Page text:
16
    prong, “[i]t is the defendant rather than the [g]overnment who bears the burden of
    
    persuasion with respect to prejudice.” Rodriguez, 398 F.3d at 1299.
    
            Applying this third-prong analysis to the facts in Rodriguez, we explained
    that:
    
            [P]re-Booker defendants must establish a reasonable probability that if
            the district court had considered the guidelines range it arrived at
            using extra-verdict enhancements as merely advisory, instead of
            mandatory, and had taken into account any otherwise unconsidered
            § 3553 factors, the court would have imposed a lesser sentence than it
            did. That inquiry makes sense because it hooks the prejudice inquiry
            to the procedural change necessary to remedy the error.
    
    Rodriguez, 398 F.3d at 1302. Because we ultimately determined that the record in
    
    Rodriguez “provide[d] no reason to believe any result [was] more likely than not,”
    
    we concluded that the appellant had not met his burden of showing that his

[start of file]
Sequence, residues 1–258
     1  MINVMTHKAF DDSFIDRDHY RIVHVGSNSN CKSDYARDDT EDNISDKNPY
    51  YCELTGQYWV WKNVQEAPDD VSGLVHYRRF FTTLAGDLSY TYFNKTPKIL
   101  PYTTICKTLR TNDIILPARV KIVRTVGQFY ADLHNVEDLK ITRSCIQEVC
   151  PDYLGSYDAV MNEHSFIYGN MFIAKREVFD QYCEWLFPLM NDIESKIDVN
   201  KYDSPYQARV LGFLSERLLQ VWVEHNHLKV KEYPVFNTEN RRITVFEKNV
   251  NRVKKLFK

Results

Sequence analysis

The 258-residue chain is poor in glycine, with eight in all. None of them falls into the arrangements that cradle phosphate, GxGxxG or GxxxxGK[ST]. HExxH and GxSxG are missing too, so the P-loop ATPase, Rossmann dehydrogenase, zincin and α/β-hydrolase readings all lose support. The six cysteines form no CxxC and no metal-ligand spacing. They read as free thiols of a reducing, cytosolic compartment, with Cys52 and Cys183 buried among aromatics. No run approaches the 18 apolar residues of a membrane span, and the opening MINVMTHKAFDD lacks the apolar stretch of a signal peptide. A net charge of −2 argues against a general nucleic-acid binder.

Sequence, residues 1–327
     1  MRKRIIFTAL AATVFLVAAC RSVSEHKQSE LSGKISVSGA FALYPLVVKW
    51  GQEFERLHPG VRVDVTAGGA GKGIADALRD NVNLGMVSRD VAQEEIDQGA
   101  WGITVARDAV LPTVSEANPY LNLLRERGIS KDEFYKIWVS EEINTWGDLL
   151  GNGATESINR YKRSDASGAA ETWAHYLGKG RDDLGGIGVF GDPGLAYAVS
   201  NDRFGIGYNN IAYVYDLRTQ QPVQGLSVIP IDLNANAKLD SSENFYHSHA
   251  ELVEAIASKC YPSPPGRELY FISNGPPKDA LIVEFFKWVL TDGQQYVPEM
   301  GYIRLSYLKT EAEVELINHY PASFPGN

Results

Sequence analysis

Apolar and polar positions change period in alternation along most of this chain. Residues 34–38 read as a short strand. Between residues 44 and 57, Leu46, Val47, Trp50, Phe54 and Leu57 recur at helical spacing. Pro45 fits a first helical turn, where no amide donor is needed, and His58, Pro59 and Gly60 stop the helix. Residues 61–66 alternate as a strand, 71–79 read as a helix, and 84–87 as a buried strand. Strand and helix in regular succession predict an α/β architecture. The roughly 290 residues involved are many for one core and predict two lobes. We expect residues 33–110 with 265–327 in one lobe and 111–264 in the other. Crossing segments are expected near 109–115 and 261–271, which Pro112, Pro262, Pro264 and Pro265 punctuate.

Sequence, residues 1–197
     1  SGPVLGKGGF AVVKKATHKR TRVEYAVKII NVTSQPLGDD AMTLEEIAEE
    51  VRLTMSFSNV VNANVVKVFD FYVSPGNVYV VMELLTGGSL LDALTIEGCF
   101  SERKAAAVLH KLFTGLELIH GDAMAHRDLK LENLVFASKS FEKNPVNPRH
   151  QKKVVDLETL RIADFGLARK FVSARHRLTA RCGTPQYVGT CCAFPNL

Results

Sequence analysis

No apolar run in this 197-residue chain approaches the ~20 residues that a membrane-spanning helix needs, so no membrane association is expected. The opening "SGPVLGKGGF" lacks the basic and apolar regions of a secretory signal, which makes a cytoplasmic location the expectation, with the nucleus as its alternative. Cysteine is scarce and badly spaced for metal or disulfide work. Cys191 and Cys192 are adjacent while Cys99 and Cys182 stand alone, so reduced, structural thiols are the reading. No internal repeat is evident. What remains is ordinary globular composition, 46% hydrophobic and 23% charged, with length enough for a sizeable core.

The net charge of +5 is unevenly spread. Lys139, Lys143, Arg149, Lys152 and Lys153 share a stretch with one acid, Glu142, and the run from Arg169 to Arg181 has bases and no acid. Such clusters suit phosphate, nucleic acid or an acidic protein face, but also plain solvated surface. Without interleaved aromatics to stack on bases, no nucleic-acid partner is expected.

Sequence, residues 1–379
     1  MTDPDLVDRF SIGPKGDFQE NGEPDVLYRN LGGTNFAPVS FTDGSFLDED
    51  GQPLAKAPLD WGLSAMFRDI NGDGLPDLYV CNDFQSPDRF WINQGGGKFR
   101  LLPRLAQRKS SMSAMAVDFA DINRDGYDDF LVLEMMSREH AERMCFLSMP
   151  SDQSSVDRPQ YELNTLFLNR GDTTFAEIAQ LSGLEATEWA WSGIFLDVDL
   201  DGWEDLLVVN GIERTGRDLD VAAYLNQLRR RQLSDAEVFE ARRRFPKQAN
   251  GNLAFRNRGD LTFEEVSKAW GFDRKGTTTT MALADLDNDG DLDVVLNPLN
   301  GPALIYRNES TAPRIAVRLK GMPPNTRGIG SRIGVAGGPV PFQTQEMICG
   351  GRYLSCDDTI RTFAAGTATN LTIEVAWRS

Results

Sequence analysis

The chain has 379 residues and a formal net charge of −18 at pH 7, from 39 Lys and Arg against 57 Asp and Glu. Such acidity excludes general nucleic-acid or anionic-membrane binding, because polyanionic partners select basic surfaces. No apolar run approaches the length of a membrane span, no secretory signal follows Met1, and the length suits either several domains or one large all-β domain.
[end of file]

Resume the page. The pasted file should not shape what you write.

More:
substantial rights had been affected. Id. at 1301. Moreover, we noted that, because
    
    the appellant had not met his burden as to the third prong of the plain error test, the
    
    Court “ha[d] no occasion to decide how he would have fared under the fourth
    
    prong.” Id.
    
            In the instant case, the district court arguably committed constitutional error
    
    by enhancing Lucas, Phelps and Session’s sentences. See Rodriguez, 398 F.3d at
    
    1299; see R22 at 16).       The court also arguably committed statutory error by
    
    sentencing them under the mandatory guidelines scheme, and both the
    
    constitutional and statutory errors are now plain. See Rodriguez, 398 F.3d at 1299.
    
                                               17
          Under Rodriguez, we conclude that the appellants have not satisfied the third
    
    prong of plain error. Specifically, they have neither alleged nor shown that they
    
    would have received lesser sentences had the district court considered the